Every start-up begins with a bright idea. But even with a steady stream of clients, some start-ups might still flop. Sounds like a head scratcher? Here is how that happens.
For most start-ups and small businesses, every coin counts. Sometimes, businesses spend money on unnecessary things or overspend on the things that don’t give back value. And over a long period of time, overspending will cost the business significant profits, and in extreme cases, the business will be forced to close. So what are common pitfalls that tank otherwise great businesses?
1. Expansion and capital expenses without a plan
“In business, there is planned expansion and visionless expansion,” says Peter Macharia, the CEO of Jijenge Credit Limited. “Start-ups can be overzealous. I have seen start-ups that invest in state-of-the-art machines and software which they do not need at that point in the growth of their business,” he says.
Buying improved technology, tools or even infrastructure is part of a business’s growth. But it should be measured and guided by a need for it.
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“When Jijenge opened its doors we used excel sheets to capture and process loan facilities for our clients. It took five years to get to where we felt a software update was necessary,” Macharia explains.
The few clients they initially had could be served with the simplest tools at the credit firm’s disposal.
“Would we have wanted to use a sophisticated banking software? Sure! Because apart from reducing loan processing from 24 hours to just one hour, the software would run through a customer’s credit score numbers under two minutes. But it wouldn’t have been prudent to purchase the software at the time.”
“The software was expensive when we bought it. But at the time, it added value to the business. This time we had thousands of clients to attend to. It was time to buy the software and improve efficiency.”
According to Macharia, one ought to wait until the business demands for the expensive tool.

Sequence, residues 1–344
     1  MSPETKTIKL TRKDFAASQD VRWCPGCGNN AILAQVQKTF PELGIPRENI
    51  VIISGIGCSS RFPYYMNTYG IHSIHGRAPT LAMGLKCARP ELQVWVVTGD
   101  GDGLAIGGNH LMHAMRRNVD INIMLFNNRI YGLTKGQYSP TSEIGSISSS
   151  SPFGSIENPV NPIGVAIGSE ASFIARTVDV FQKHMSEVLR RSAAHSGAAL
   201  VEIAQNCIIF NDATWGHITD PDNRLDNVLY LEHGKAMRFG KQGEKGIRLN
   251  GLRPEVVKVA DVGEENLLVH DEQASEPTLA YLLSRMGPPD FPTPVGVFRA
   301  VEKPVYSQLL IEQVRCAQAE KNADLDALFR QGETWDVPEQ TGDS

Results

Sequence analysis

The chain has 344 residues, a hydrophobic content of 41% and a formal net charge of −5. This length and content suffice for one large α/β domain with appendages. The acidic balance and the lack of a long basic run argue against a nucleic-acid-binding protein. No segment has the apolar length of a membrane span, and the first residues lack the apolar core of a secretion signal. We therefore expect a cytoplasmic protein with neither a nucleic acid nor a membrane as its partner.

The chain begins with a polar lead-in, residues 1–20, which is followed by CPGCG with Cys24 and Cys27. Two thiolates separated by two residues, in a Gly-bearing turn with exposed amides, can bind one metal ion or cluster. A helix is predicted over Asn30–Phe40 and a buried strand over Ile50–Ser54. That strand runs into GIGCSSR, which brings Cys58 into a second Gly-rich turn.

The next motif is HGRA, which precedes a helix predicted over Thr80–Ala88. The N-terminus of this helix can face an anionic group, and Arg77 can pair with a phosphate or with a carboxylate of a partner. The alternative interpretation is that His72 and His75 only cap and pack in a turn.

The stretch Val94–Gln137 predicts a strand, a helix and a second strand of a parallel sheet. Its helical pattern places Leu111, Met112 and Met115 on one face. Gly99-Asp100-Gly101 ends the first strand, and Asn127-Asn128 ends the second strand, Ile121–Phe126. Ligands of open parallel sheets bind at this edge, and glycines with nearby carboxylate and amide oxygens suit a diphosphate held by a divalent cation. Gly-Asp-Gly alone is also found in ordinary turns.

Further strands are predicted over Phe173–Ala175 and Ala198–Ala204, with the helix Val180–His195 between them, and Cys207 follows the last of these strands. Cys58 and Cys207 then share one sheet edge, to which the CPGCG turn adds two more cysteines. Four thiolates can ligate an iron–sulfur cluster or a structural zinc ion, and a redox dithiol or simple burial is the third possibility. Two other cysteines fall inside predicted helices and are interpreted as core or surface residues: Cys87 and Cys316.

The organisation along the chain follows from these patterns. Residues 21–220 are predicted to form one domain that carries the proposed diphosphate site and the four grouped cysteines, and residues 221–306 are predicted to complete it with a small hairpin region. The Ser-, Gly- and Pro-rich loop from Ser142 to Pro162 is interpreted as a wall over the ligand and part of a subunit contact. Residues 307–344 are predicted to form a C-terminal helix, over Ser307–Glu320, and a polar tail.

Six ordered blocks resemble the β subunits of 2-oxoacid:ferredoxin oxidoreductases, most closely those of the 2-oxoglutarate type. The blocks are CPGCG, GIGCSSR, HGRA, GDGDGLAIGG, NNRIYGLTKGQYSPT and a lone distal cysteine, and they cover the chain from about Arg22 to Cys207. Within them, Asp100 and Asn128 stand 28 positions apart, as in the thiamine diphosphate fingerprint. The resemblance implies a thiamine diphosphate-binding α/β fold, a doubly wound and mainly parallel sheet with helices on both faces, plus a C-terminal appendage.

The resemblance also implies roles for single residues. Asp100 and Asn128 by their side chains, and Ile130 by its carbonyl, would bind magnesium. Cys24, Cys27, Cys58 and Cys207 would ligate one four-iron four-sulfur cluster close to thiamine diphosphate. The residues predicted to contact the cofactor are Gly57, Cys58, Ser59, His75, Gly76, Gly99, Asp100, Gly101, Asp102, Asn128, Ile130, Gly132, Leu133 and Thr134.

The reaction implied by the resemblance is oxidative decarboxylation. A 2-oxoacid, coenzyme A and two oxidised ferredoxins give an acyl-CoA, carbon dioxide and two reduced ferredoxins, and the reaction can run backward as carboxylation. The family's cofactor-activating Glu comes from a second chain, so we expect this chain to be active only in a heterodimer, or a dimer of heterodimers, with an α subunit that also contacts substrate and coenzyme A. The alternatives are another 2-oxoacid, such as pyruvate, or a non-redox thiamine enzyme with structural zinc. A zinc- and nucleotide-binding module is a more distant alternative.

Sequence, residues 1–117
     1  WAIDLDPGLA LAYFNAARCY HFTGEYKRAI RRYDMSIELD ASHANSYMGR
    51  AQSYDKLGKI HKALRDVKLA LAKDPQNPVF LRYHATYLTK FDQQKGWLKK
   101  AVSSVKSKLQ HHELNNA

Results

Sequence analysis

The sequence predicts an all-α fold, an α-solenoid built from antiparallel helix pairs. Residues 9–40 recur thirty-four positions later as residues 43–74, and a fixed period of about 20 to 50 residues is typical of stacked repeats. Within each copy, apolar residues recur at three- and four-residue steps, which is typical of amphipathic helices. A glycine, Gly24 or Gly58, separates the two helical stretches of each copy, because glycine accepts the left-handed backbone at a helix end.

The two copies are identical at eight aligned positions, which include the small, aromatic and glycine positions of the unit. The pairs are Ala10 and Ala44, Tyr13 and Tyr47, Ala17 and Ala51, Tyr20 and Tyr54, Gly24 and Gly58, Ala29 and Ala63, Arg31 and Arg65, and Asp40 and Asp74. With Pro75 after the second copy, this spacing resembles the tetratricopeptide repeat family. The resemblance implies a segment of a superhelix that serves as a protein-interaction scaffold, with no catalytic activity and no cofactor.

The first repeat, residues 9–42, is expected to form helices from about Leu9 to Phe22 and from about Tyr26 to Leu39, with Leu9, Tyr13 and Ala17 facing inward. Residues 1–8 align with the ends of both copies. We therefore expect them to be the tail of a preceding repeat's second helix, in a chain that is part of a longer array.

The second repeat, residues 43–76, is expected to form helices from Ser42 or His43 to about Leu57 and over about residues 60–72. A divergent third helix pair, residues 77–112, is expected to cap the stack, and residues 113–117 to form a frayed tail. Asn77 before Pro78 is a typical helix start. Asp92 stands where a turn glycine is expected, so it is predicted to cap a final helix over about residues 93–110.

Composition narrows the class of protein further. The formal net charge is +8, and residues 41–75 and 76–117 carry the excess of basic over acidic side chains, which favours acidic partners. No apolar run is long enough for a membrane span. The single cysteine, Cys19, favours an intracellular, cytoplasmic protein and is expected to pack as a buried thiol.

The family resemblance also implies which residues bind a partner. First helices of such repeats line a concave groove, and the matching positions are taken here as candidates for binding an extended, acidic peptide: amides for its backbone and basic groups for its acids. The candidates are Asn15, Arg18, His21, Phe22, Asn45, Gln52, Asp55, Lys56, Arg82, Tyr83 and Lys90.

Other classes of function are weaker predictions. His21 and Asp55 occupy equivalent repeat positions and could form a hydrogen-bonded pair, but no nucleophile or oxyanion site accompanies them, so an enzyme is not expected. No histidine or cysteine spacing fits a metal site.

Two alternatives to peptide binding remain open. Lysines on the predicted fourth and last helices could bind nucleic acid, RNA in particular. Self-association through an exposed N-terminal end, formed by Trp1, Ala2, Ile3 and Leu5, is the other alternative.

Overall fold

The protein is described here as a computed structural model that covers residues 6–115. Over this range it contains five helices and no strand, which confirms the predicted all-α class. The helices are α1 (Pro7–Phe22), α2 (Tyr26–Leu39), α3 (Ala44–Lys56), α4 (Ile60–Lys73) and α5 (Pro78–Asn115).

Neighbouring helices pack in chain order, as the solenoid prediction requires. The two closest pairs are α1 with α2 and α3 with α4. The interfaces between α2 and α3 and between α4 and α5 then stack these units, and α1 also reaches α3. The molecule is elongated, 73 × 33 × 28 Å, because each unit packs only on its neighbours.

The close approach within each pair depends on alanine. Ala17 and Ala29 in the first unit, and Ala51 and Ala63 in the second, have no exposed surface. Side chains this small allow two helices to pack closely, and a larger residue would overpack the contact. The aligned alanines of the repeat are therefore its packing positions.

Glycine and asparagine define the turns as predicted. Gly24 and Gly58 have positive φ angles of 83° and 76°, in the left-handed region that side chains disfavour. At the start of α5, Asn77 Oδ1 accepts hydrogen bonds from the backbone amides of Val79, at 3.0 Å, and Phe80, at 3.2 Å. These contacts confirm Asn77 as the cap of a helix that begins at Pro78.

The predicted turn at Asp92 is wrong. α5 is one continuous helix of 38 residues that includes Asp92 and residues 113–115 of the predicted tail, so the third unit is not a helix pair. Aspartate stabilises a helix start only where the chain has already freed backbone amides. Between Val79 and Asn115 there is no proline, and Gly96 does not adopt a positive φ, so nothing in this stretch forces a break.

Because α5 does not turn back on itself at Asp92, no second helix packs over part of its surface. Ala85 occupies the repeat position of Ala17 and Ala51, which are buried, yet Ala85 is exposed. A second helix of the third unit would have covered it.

“When demand is still low, use old tools at your disposal. Buying state of the art technology will cost you a lot of money at a time the technology won’t be able to give back in true value.”
2. A bloated and unnecessary staff team
While fully functional and autonomous departments such as IT, customer service, human resources and legal are good for any business, the financial muscle needed to power all of them would be too much for a start-up. At the onset, Jijenge had one staff.
“I was the only staff. I did everything by myself. I could comfortably handle the workload. You have to hire on a need- to basis. Even when you do, hire staff with multiple skills. Avoid hiring prematurely and hire labour you can afford to pay,” Macharia says.
Another way of reducing the number of people on your payroll, is to hire consultants periodically.
“For instance, I do not have an IT team. If I was to hire an IT manager, I would have to pay them at least Sh100,000 per month. Instead, I bring in a consultant once every quota and I pay them Sh20,000 to do maintenance and upgrades. Thus, the business saves a lot in capital costs,” Macharia says.
Winnie Ngumi, CEO of Space and Style Roofing Tiles, says that a start-up owner should avoid paying yourselves too much.